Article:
A randomized, double-blind, placebo-controlled trial evaluated whether environmental control with nocturnal temperature controlled laminar airflow (TLA) treatment could improve the quality of life of 300 patients aged 7–70 with inadequately controlled persistent atopic asthma in 19 European asthma clinics. TLA devices were installed in the bedrooms of patients to provide a stream of cool air above their heads (see the video embedded below).
The manufacturer advertises the device, called Protexo, as "treatment for patients with atopic asthma without side-effects" (video).
There was a statistically significant difference in treatment response rate between active (76%) and placebo (61%) groups (p=0.02). There was also a difference between groups in fractional exhaled nitric oxide (FeNO) change of −7.1 ppb (p=0.03). Interestingly, the nocturnal temperature controlled laminar airflow (TLA) was associated with less increase in cat-specific IgE than placebo.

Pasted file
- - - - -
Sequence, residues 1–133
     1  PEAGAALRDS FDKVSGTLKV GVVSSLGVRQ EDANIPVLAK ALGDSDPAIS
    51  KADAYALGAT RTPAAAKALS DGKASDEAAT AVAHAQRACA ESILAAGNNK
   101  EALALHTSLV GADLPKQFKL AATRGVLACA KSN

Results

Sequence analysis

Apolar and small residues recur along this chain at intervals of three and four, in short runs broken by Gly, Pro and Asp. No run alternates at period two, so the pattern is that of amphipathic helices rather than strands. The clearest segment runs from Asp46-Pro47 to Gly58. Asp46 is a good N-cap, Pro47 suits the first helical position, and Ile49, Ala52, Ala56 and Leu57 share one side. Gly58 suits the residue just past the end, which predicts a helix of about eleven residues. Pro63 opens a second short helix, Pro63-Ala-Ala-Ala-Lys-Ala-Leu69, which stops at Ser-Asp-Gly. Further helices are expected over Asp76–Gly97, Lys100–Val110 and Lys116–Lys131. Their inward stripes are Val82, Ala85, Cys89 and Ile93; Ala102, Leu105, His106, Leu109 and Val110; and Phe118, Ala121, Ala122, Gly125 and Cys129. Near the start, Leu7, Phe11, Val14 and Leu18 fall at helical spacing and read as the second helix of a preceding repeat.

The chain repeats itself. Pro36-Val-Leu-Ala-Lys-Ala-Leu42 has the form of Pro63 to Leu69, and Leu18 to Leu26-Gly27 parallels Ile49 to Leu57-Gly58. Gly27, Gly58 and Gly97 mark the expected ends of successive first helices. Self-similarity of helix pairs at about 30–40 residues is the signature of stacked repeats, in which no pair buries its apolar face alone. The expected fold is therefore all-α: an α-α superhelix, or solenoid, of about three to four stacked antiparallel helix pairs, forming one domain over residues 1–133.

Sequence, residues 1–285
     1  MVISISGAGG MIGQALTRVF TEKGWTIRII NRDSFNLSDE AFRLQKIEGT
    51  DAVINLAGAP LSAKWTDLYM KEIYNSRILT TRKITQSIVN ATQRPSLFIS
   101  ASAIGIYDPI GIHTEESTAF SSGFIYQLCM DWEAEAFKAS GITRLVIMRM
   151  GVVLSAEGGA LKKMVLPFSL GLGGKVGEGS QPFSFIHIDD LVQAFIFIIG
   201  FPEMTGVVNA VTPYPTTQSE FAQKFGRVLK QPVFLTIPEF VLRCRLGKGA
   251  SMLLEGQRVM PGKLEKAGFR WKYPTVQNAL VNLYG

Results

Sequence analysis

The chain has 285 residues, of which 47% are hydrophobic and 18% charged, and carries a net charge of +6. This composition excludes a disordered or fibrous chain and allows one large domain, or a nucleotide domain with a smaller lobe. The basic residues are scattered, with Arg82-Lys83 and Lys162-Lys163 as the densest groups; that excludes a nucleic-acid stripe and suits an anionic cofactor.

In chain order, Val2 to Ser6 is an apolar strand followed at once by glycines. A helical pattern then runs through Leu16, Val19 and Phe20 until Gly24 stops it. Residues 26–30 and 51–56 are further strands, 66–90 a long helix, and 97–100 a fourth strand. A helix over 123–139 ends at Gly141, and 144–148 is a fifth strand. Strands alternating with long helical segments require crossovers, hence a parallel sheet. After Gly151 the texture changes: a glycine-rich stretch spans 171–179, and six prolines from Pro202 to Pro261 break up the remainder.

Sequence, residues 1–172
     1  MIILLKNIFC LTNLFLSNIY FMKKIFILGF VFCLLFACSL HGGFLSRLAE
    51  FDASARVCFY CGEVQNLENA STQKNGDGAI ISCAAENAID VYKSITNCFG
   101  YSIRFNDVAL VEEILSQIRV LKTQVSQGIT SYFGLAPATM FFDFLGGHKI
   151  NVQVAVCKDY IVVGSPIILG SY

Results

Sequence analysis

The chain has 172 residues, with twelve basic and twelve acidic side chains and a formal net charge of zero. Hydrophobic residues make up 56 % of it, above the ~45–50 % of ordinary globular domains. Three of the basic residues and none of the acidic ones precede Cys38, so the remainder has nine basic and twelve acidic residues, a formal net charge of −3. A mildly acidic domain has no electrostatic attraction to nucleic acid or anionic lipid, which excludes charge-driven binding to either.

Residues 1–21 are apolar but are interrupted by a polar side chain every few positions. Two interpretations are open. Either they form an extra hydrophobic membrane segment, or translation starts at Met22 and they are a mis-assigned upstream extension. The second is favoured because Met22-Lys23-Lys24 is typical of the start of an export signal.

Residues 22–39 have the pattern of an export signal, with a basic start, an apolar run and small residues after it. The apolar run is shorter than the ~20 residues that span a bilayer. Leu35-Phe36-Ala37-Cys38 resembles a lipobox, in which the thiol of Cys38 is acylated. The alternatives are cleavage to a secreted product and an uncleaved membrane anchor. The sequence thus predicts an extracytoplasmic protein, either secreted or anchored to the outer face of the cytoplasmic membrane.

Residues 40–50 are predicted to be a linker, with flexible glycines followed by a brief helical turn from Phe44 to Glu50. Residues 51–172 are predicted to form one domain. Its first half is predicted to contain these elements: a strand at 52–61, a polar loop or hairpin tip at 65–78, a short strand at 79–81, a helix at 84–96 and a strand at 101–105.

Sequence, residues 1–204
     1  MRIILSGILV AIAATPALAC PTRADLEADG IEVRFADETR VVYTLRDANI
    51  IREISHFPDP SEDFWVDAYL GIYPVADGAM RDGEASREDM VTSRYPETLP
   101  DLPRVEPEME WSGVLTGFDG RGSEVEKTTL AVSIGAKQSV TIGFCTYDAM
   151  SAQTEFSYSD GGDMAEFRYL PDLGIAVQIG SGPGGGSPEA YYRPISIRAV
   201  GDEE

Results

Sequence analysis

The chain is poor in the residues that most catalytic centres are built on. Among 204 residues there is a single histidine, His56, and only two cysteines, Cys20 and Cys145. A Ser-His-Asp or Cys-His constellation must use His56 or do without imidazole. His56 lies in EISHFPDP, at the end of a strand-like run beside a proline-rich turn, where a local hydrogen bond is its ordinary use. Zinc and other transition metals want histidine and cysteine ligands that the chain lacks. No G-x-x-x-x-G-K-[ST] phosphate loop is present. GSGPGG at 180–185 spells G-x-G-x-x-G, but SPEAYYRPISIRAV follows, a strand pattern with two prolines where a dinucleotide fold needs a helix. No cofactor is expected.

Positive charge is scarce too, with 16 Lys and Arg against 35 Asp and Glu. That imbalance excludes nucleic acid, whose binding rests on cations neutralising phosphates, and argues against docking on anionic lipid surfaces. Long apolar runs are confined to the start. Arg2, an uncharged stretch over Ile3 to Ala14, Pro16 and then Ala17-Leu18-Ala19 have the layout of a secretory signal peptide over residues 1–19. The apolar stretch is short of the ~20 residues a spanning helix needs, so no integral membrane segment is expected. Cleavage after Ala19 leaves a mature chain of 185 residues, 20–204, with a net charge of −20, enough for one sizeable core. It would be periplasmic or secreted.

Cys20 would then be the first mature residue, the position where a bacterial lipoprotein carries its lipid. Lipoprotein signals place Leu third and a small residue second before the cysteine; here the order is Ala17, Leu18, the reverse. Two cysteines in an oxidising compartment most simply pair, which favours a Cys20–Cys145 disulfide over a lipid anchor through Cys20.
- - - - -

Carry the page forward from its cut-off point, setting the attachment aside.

The study authors concluded that TLA improves quality of life, airway inflammation and systemic allergy in patients with persistent atopic asthma. Even if the benefits of TLA are confirmed in future trials, the expected relatively high cost of the device (Protexo) may be problematic. A similar device (Opragon) by the same Swedish company (Airsonett) is used to reduce surgical site infections. Neither device is available in the U.S.
Nocturnal temperature controlled laminar airflow for treating atopic asthma: a randomised controlled trial. Thorax doi:10.1136/thoraxjnl-2011-200665 (full text)
Comments from Twitter:
Jennifer Gunter @DrJenGunter: re: cool air device, is that like heading for "sea air" as docs of yore recommended?
@Allergy: Protexo is a bit different - it probably changes the exposure to indoor rather than outdoor allergens